Letisha Reimer, 13, was killed Nov. 1, 2016 in a stabbing at Abbotsford Senior Secondary. (Facebook photo)

Verdict slated in trial of man charged with Abbotsford high school stabbing

Decision expected Friday morning in B.C. Supreme Court in New Westminster

The man who went to trial for the fatal stabbing of an Abbotsford high school student will find out today (Friday) whether he is guilty of manslaughter or second-degree murder.

Justice Heather Holmes is scheduled to render her verdict against Gabriel Klein, 24, at 10 a.m. in B.C. Supreme Court in New Westminster. It is not known whether a sentencing hearing will follow or will be scheduled for a later date.

During closing arguments in December, both lawyers agreed that Klein was responsible for killing Letisha Reimer, 13, by stabbing her 14 times while she sat in the rotunda of Abbotsford Senior Secondary on Nov. 1, 2016.

The lawyers also both agreed that Klein was guilty of the aggravated assault of a 14-year-old girl (whose name is under a publication ban) who was also stabbed by him.

RELATED: Man charged in fatal Abbotsford school stabbing to use ‘not criminally responsible’ defence, trial hears

However, defence lawyer Martin Peters said Klein should be found guilty of manslaughter in Reimer’s death because he did not intend to kill her.

Peters said Klein, who stole alcohol from a liquor store and a hunting knife from a Cabela’s store in the hours before the attack, committed the thefts because he wanted to get drunk and use the weapon to stab a police officer in hopes of triggering a suicide-by-cop scenario.

Peters said Klein was experiencing a “mental dysfunction” and he thought Reimer was a “shape-shifting witch” and the other girl was a “monster with maggots coming out of her back.”

RELATED: No defence witnesses in trial of man charged in killing of Abbotsford student

But Crown lawyer Rob Macgowan said a second-degree murder conviction would be more fitting because Klein – who has been diagnosed with schizophrenia – was not experiencing a mental disorder at the time of the attacks.

Peters had been expected to call evidence supporting an argument of “not criminally responsible (NCR) due to a mental disorder,” but he announced in court in early December that he was not calling any evidence on Klein’s behalf, and he did not use the NCR defence in his closing arguments.

A conviction for second-degree murder carries an automatic life sentence, but parole eligibility can range from 10 to 25 years and is determined by the judge.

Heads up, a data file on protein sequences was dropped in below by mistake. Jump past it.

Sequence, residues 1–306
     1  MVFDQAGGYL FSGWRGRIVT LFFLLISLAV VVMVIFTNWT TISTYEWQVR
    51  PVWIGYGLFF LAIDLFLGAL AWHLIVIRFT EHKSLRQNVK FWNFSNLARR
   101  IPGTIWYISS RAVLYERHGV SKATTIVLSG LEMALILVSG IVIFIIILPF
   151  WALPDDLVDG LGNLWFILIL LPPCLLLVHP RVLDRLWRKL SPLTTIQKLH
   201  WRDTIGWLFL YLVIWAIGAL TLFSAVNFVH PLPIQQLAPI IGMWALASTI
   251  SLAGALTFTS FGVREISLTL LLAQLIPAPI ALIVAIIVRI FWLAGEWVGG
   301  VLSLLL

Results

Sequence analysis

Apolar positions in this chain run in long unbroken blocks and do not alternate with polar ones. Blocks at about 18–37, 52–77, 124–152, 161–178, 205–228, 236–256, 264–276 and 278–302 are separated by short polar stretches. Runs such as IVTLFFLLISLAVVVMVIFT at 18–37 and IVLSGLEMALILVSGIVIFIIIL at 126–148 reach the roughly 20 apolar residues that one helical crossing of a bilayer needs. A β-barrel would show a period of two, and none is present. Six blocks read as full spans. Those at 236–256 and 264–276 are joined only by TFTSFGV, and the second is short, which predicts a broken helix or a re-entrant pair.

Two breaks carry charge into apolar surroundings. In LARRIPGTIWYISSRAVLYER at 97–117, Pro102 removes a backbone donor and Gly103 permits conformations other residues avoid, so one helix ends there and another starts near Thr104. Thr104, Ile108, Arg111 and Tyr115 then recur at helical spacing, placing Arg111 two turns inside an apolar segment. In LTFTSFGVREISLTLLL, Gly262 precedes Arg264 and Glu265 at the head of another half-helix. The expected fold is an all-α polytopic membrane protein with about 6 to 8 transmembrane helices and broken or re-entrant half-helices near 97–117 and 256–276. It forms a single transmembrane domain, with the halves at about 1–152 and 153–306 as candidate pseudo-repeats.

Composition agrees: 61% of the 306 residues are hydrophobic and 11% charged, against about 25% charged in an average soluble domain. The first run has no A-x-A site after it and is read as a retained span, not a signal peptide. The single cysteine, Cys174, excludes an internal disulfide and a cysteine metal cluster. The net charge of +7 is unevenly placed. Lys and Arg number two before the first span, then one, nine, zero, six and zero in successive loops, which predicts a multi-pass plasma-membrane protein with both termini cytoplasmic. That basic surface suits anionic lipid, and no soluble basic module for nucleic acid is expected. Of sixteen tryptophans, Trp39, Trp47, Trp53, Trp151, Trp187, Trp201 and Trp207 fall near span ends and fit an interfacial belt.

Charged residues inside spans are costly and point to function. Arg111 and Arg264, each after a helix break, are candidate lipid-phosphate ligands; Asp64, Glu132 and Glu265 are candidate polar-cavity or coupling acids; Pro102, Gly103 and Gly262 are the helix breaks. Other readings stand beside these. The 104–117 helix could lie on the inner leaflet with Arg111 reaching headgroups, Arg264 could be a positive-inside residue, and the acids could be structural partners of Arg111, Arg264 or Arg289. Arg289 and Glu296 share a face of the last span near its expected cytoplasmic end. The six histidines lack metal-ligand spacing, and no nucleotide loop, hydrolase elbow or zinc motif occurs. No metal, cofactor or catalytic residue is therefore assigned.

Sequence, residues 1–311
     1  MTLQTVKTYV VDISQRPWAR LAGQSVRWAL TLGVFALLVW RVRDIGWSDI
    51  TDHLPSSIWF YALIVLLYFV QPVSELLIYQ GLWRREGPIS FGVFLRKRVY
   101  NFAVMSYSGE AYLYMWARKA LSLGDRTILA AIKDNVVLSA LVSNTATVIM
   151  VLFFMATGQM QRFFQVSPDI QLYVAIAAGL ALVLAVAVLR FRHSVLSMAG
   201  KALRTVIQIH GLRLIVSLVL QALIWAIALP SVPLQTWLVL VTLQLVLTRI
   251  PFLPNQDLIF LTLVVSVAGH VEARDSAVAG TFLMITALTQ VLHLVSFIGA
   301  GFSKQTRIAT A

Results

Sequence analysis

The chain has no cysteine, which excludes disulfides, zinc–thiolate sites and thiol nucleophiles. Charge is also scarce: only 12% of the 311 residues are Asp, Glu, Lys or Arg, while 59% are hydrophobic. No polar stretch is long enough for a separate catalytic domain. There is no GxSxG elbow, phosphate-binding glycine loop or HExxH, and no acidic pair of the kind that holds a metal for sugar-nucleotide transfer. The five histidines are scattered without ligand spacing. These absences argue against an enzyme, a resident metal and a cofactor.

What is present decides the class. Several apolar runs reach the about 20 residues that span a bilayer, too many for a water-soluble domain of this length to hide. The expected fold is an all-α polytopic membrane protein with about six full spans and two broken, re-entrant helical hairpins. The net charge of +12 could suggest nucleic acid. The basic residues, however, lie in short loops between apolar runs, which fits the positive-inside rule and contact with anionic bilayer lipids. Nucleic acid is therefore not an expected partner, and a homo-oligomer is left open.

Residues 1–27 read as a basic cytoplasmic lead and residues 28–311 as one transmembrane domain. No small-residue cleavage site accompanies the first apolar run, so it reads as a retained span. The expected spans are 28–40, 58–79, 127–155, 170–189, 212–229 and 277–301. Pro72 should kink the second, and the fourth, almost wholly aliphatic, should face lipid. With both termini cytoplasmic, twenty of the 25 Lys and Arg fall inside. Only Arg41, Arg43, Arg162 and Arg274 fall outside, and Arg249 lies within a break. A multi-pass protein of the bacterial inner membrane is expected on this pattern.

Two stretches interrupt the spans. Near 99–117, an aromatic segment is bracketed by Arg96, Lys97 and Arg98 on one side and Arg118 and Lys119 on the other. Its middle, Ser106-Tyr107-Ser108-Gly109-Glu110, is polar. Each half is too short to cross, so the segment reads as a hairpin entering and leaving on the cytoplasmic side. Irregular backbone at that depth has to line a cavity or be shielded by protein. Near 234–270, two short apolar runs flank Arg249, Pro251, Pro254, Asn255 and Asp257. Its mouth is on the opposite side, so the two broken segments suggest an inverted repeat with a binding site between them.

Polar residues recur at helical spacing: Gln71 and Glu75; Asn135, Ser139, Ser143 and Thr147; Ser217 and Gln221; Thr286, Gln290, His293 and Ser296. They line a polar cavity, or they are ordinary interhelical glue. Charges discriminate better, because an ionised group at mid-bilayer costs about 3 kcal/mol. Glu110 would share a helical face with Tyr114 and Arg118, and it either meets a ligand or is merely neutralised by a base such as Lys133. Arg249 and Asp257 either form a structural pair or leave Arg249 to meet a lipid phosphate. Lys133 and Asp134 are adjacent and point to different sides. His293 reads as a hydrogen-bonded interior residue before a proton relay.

There is no minimum sentence for manslaughter (unless committed by a firearm, in which case the minimum is four years), but any term – including life imprisonment – is an option for the judge.

– with files from The Canadian Press

Report an error or send us your tips, photos and video.

Vikki Hopes | Reporter

@VikkiHopes

Send Vikki an email.
Like the Abbotsford News on Facebook.
Follow us on Twitter.

BC Supreme Court

Get local stories you won't find anywhere else right to your inbox.
Sign up here

 

Gabriel Klein sits in the prisoner’s dock during the first day of his trial on Oct. 7 in B.C. Supreme Court in New Westminster. (Sketch by Felicity Don)

Just Posted

Historical artifact found in Maple Ridge returned to Katzie First Nation

Katzie chief Grace George is grateful to have stone maul returned

Thieves target Maple Ridge grocer

Bandits stealing copper from FreshCo forces store to be shut down for half day amid COVID crisis

Doctors still seeing patients in Pitt Meadows and Maple Ridge

Appointments over the phone or by videoconference

BC Cowboy Hall of Fame: Allison Everett (White) honoured as Builder of Western Culture

Allison grew up in Maple Ridge riding both English and Western style

VIDEO: 84-year-old great grandma joins evening cheer squad in Maple Ridge

People cheer at 7 p.m. to salute health care workers

Here’s how to talk to people who aren’t taking physical distancing seriously

Approach the conversation with empathy says conflict expert

Fraser Valley auto sound business starts producing face shields

Certified Auto Sound & Security is doing what it can to help frontline healthcare workers.

B.C. clears more acute hospital beds as COVID-19 case growth slows

Province holding about 40% of beds empty for peak still to come

As 500K+ apply for emergency benefit, Trudeau says aid coming for Canadians left behind

Canada Emergency Response Benefit provides $2,000 per month

UPDATE: UK PM Boris Johnson moved to intensive care after COVID-19 symptoms worse

He has been quarantined in his Downing St. residence since being diagnosed with COVID-19 on March 26

Travellers, travel agents ‘in agony’ over refund policies and customer service

Many Canadian carriers are offering customers flights rebookings or travel vouchers — but not refunds

Introverted and extroverted kids likely to react differently to COVID-19 restrictions

B.C. child psychologist says your parenting approach can’t be one-size fits all in social isolation

B.C. begins taking submissions for $2M COVID-19 research fund

Rural health, impact of shifting hospital resources among priorities

Most Read